Projected changes of snow conditions and avalanche activity in a warming climate: the French Alps over the 2020–2050 and 2070–2100 periods
- 1INSA de Lyon, Laboratoire LGCIE, 20 Avenue des Arts, Bât. J.C.A. Coulomb, 69621 Villeurbanne, France
- 2UR ETGR, IRSTEA/Université de Grenoble Alpes, BP 76, 38402 Saint Martin d'Hères, France
- 3Météo-France – CNRS, CNRM-GAME UMR 3589, Centre d'Etudes de la Neige, 1441 rue de la Piscine, 38400 Saint Martin d'Hères, France
Abstract. Projecting changes in snow cover due to climate warming is important for many societal issues, including the adaptation of avalanche risk mitigation strategies. Efficient modelling of future snow cover requires high resolution to properly resolve the topography. Here, we introduce results obtained through statistical downscaling techniques allowing simulations of future snowpack conditions including mechanical stability estimates for the mid and late 21st century in the French Alps under three climate change scenarios. Refined statistical descriptions of snowpack characteristics are provided in comparison to a 1960–1990 reference period, including latitudinal, altitudinal and seasonal gradients. These results are then used to feed a statistical model relating avalanche activity to snow and meteorological conditions, so as to produce the first projection on annual/seasonal timescales of future natural avalanche activity based on past observations. The resulting statistical indicators are fundamental for the mountain economy in terms of anticipation of changes.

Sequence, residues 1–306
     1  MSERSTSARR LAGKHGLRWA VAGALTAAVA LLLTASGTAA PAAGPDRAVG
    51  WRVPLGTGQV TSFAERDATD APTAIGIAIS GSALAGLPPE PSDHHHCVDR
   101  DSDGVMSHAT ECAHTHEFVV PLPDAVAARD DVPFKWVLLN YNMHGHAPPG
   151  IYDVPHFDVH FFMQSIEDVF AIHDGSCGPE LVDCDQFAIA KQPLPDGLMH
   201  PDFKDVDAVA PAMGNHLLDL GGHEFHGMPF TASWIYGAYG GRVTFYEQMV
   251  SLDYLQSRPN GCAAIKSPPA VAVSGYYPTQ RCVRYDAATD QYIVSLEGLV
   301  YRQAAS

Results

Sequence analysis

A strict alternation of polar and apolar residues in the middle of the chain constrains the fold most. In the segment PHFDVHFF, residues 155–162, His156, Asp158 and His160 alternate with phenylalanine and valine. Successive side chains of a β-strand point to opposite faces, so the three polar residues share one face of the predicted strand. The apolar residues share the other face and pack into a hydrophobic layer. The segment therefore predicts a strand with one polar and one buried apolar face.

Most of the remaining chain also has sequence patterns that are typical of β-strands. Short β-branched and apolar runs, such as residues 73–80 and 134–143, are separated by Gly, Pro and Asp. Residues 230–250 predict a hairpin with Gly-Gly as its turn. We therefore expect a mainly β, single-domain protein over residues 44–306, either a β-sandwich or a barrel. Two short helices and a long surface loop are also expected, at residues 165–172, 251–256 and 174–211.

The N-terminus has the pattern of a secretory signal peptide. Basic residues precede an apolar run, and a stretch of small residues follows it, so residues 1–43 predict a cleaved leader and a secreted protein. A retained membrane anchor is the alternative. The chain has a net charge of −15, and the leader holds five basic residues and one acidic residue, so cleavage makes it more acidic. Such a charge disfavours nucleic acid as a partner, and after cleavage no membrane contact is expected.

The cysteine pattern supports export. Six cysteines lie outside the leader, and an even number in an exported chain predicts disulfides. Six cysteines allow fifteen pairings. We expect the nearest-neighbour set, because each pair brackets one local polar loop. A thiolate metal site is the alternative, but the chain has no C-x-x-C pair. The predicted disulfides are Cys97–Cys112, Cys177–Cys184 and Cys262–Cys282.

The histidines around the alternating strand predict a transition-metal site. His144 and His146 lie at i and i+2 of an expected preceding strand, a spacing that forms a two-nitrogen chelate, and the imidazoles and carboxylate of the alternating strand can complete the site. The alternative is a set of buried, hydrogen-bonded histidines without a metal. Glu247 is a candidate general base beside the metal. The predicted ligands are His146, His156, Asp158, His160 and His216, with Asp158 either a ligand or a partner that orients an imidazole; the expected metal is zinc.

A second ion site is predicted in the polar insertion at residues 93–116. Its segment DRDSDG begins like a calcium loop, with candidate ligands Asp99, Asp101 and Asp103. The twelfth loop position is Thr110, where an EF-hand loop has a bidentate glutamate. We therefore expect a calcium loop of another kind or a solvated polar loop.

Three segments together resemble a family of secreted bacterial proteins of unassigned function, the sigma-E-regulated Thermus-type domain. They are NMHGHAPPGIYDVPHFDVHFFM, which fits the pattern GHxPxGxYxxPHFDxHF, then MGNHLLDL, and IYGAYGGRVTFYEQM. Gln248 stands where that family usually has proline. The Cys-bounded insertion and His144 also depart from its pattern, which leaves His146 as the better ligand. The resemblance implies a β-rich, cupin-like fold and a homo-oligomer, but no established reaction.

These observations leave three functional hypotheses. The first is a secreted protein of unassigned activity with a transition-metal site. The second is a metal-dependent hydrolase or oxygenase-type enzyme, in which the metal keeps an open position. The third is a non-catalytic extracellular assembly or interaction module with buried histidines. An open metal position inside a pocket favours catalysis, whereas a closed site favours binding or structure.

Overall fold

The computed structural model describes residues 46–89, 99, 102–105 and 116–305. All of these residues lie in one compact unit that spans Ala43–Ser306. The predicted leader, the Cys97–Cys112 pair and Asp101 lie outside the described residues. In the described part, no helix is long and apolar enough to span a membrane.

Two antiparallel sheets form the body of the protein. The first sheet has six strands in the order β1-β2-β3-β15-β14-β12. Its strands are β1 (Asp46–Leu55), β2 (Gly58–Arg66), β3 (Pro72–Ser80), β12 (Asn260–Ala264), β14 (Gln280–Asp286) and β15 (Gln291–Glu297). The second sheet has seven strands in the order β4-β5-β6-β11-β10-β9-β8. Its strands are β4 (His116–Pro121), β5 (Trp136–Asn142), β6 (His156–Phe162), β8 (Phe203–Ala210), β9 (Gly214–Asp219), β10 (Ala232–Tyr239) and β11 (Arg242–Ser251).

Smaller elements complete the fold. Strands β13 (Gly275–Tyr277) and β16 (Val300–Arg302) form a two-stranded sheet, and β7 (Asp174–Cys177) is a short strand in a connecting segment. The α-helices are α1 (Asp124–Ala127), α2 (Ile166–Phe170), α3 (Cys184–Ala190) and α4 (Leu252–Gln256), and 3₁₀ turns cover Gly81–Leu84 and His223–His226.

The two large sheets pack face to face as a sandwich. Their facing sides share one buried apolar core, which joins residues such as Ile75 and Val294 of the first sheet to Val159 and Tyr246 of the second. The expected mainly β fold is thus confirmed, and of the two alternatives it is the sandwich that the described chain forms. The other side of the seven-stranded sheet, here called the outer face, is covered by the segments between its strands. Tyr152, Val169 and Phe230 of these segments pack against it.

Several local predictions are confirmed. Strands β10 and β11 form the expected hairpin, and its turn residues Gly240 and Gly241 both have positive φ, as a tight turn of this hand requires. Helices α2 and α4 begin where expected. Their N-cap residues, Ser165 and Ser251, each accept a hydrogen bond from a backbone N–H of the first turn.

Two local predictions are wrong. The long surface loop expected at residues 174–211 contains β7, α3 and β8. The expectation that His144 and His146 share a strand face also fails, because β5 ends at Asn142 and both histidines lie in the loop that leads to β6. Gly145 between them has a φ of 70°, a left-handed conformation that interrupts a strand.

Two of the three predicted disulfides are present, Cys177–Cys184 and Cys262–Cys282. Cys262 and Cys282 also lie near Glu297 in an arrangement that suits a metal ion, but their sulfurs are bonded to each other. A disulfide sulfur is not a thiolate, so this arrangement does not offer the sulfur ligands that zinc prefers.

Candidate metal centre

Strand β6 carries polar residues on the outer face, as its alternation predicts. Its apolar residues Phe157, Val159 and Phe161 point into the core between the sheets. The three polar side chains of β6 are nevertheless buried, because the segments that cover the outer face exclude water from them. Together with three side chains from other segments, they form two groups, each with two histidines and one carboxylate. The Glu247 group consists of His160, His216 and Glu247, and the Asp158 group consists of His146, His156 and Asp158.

Whereas precipitation is expected to remain quite stationary, temperature increase interacting with topography will constrain the evolution of snow-related variables on all considered spatio-temporal scales and will, in particular, lead to a reduction of the dry snowpack and an increase of the wet snowpack. Overall, compared to the reference period, changes are strong for the end of the 21st century, but already significant for the mid century. Changes in winter are less important than in spring, but wet-snow conditions are projected to appear at high elevations earlier in the season. At the same altitude, the southern French Alps will not be significantly more affected than the northern French Alps, which means that the snowpack will be preserved for longer in the southern massifs which are higher on average.
Regarding avalanche activity, a general decrease in mean (20–30%) and interannual variability is projected. These changes are relatively strong compared to changes in snow and meteorological variables. The decrease is amplified in spring and at low altitude. In contrast, an increase in avalanche activity is expected in winter at high altitude because of conditions favourable to wet-snow avalanches earlier in the season. Comparison with the outputs of the deterministic avalanche hazard model MEPRA (Modèle Expert d'aide à la Prévision du Risque d'Avalanche) shows generally consistent results but suggests that, even if the frequency of winters with high avalanche activity is clearly projected to decrease, the decreasing trend may be less strong and smooth than suggested by the statistical analysis based on changes in snowpack characteristics and their links to avalanches observations in the past. This important point for risk assessment pleads for further work focusing on shorter timescales. Finally, the small differences between different climate change scenarios show the robustness of the predicted avalanche activity changes.